Caveat. While I have no moral objection to the possession of marijuana I do not espouse breaking the laws of the Commonwealth of Virginia. I believe the marijuana laws in Virginia should be changed but, until they are changed, I encourage everybody to obey the laws as they are presently written.
Strive for five. I believe the five key reasons for legalizing recreational marijuana use in Virginia for adults are liberty, the failure of the current approach, costs of enforcement – both financially and in terms of racial bias, the economic benefits to the state and the inevitability of legalization. Each will be discussed in turn.
Democracy, liberty and freedom. The first and most important reason to legalize recreational marijuana use in Virginia is philosophical. Our political leaders in Richmond speak in hushed, reverential voices about “Mister Jefferson”. They then turn around and ignore the fact that a significant majority of Virginians favor legalizing marijuana. Somehow, our political leaders seem to think that banning a plant against the wishes of a majority of the electorate is commensurate with Thomas Jefferson’s ideals of democracy, liberty and freedom. Perhaps our General Assembly should start referring to Thomas Jefferson as “ole what’s his name” until they can demonstrate some willingness to adhere to Jefferson’s actual views on liberty, etc.
Pot prohibition has failed. Federal, state and local efforts to make and keep marijuana use illegal have not curtailed its use. Our government has been busily trying to ban marijuana since 1937 and raised the stakes considerably with the Controlled Substances Act (which became effective in 1971). Nearly 50 years after the federal government made marijuana a Schedule 1 “narcotic” its use continues to rise.
Enforcement and racial bias. The enforcement costs needed to continue the ineffective prohibition of pot are very high. In Virginia authorities have made 133,000 arrests for marijuana possession over the past 10 years. 10,000 Virginians are convicted of a first time marijuana possession offense every year. In fact, marijuana arrests in Virginia increased over the past year. Worse yet, the arrests are heavily weighted against African-Americans. VCU studied the data in 2015. As NORML calls out, “That study concluded that blacks account for nearly half of all marijuana possession arrests, but comprise only 20 percent of the state population.” Some parts of Virginia are far worse than that. “In some counties and towns, such as in Hanover County and in Arlington, Virginia, the black arrest rate was six to eight times that of whites.” These arrest ratios completely diverge from studies showing that marijuana use is roughly the same between backs and whites.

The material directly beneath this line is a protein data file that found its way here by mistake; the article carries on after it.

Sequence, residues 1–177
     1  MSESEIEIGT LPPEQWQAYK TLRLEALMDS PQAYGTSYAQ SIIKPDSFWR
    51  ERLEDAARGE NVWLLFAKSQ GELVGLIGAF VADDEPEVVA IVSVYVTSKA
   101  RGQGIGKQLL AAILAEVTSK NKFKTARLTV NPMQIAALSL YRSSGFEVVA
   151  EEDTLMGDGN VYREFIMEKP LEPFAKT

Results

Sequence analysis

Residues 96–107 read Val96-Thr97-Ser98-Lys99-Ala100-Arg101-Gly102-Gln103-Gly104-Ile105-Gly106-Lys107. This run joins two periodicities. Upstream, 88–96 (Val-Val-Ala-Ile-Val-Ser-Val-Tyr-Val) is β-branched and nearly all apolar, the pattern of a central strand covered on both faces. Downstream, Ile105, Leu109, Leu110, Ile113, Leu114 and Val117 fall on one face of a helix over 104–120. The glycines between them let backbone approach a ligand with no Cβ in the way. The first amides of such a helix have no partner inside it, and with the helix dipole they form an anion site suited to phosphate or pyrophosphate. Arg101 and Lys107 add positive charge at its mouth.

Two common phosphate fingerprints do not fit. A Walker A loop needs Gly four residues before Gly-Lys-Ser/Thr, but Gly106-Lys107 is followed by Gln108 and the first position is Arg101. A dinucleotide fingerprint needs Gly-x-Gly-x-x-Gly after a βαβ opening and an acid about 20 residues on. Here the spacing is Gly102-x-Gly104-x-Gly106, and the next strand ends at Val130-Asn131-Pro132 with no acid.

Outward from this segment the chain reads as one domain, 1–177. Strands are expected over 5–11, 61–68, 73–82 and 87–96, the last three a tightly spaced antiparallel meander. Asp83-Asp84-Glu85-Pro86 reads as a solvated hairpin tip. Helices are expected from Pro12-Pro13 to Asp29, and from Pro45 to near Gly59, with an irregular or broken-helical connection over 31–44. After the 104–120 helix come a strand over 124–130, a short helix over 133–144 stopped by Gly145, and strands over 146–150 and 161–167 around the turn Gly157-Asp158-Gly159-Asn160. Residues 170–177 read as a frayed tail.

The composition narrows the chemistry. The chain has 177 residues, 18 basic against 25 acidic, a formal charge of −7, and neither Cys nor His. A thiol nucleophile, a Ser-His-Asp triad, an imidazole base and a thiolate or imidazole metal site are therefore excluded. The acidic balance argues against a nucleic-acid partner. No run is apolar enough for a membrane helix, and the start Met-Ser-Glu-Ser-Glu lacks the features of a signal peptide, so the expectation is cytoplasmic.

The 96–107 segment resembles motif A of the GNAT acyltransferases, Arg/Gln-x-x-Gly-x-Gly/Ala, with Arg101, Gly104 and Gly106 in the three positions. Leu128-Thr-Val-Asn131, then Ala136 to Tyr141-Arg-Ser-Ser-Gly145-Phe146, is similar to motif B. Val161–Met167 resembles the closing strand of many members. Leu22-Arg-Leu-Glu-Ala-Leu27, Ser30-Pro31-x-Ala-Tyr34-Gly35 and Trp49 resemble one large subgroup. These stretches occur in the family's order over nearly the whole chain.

Economics. The Kansas City Federal Reserve studied the economic impact of marijuana legalization on the state of Colorado … “In 2017, the state of Colorado collected more than $247 million from the marijuana industry, including state sales taxes on recreational and medical, special sales taxes on recreational, excise taxes on recreational and application and licenses fees.” Given that Virginia’s population is 42% bigger than Colorado’s a straight line interpolation would suggest $353m in annual taxes in Virginia. That total does not count the savings from reduced law enforcement nor does it include the potential profit generated for the state if the legal marijuana were sold through Virginia ABC stores.
Inevitability. Nine states and DC have legalized marijuana. Michigan and North Dakota will vote on adult use marijuana legalization this November. This week the entire country of Canada legalized the recreational use of marijuana. Once again Virginia is being surrounded by progress and once again Virginia is standing slack jawed and rheumy eyed as a philosophical island of obstinate resistance to inevitable change.
–– Don Rippert.